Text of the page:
Sanitation facilities and practices for street-vended meats at two major highway markets in Uganda
A study on sanitation facilities and practices for vendors of ready-to-eat roasted meat at selected highway markets was conducted. The aim of the study was to establish the status of sanitation in the markets and its effect on the safety of ready-to-eat roasted meat. Recommended conditions for sanitation facilities were assessed in stalls of chicken, beef and goat meat vendors using checklists. Questionnaires were also administered among 180 meat vendors to assess their sanitation practices. A scale of 0- 4 was used to assess the conformity of sanitation facilities where 4=High level conformity, 3=Good conformity, 2=Fair conformity, 1=Low conformity and 0=Nonconformity. Majority (67%) of the sanitation facilities evaluated had average score below 2. Waste management facilities were most deficient to the recommended conditions with a score of 0.85. Better performance was found in most roofs of vending structures (2.93). Over 78% of the stalls assessed did not have waste collection facilities and, therefore, scored 0 denoting non-conformity, 68% of the stalls did not have adequate water and therefore scored 0 denoting non-conformity to conditions of water availability. For shared facilities, toilet/latrine in both markets had an average score of 1.5 denoting a low level of conformity. Both markets scored 0 for waste water disposal facilities denoting non-conformity to the two recommended conditions for waste water disposal facilities, and were therefore non-compliant. The low conformity obtained from the assessment of facilities concurred with results from the assessment of sanitation practices; 67% lacked sufficient knowledge about good sanitation practices, 91% did not sort their wastes, 83% did not have adequate waste handling facilities and therefore they poorly collected their wastes, 76% of the vendors indicated inadequate latrine facilities as one of their sanitation challenges, 73% had inadequate cleaning materials and 70% did not clean their food stuffs. However, majority of vendors (92%) indicated that they clean their premises. Therefore, sanitation facilities and practices in highway markets did not conform to best recommended conditions. This could expose meats to contamination and compromise consumer’s health. Highway food vendors should be trained in proper sanitation practices. Local authorities need to monitor and enforce good sanitation practices.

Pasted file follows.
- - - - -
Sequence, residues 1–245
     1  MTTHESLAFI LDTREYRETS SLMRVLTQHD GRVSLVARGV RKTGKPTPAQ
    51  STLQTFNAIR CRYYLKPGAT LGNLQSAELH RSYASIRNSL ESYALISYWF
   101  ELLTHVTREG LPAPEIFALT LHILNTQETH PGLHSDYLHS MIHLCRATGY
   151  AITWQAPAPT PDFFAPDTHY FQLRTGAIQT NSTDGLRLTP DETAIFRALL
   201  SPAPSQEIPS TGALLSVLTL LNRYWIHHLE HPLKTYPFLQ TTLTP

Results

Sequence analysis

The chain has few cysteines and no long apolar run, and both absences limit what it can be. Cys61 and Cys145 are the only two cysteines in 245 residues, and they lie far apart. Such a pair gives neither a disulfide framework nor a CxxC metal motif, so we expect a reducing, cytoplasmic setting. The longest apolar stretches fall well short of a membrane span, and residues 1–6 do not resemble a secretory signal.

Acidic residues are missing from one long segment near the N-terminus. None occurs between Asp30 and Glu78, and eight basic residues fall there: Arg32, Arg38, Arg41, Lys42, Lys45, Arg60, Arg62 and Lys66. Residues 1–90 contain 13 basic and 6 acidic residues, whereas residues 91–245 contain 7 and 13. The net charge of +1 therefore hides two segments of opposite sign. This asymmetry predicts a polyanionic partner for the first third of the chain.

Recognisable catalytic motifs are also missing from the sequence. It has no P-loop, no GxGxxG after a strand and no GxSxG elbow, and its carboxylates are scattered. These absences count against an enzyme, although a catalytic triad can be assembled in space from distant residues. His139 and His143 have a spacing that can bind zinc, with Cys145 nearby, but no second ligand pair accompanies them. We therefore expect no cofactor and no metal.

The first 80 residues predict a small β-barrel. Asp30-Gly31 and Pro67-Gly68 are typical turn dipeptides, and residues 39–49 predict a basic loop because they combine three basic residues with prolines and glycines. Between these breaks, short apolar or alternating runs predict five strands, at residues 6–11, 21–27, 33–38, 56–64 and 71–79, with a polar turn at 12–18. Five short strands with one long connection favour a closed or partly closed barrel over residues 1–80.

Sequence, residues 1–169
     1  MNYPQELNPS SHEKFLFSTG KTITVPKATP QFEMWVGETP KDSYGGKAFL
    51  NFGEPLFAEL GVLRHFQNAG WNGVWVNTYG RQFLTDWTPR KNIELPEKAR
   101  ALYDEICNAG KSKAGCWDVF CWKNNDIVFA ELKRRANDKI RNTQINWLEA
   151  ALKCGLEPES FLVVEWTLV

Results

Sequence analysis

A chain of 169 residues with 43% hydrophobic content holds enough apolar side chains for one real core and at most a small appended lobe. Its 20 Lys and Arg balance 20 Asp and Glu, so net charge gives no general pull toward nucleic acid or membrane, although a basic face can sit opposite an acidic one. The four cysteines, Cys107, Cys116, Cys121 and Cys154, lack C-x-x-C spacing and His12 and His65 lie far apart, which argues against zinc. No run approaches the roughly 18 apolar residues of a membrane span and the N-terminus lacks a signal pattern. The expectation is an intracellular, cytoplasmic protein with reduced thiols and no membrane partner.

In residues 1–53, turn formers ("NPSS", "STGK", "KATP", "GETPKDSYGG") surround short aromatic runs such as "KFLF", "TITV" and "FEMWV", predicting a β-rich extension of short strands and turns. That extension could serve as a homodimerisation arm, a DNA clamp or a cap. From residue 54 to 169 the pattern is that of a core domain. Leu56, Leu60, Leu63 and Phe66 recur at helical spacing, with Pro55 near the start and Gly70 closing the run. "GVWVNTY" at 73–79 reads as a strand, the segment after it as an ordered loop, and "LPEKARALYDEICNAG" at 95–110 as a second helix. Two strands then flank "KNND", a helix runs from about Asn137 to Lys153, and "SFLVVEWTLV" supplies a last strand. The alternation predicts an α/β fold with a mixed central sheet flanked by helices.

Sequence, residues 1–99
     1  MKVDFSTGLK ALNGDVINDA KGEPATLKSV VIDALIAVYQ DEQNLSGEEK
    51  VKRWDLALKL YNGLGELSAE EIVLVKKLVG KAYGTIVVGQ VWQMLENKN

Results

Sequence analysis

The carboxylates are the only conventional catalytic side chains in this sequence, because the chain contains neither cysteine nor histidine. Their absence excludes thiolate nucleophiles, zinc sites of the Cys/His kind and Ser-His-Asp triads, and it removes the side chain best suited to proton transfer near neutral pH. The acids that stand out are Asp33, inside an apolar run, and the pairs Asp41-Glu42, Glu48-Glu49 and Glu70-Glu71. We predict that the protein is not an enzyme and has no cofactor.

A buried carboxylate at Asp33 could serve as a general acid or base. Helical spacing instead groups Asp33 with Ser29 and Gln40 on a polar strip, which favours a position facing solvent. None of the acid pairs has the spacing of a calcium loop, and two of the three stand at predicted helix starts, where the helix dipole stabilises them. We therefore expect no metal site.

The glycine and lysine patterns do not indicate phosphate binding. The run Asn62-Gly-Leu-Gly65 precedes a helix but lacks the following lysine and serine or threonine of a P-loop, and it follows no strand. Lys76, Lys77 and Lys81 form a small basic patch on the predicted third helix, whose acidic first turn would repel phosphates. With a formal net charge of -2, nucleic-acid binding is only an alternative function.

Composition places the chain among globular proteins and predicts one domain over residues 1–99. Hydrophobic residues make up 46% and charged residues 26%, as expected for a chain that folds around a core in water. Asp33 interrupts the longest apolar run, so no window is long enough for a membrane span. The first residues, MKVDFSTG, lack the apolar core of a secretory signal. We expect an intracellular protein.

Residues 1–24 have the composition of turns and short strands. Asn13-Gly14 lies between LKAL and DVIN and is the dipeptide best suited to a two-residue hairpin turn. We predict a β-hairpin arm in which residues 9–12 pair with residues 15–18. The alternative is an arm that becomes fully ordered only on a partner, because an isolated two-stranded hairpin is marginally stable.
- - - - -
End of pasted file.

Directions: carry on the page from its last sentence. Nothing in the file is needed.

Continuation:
Keywords: Conformity, Highway markets, Ready-to-eat foods, Sanitation, Meat, Uganda, Practices, Vendors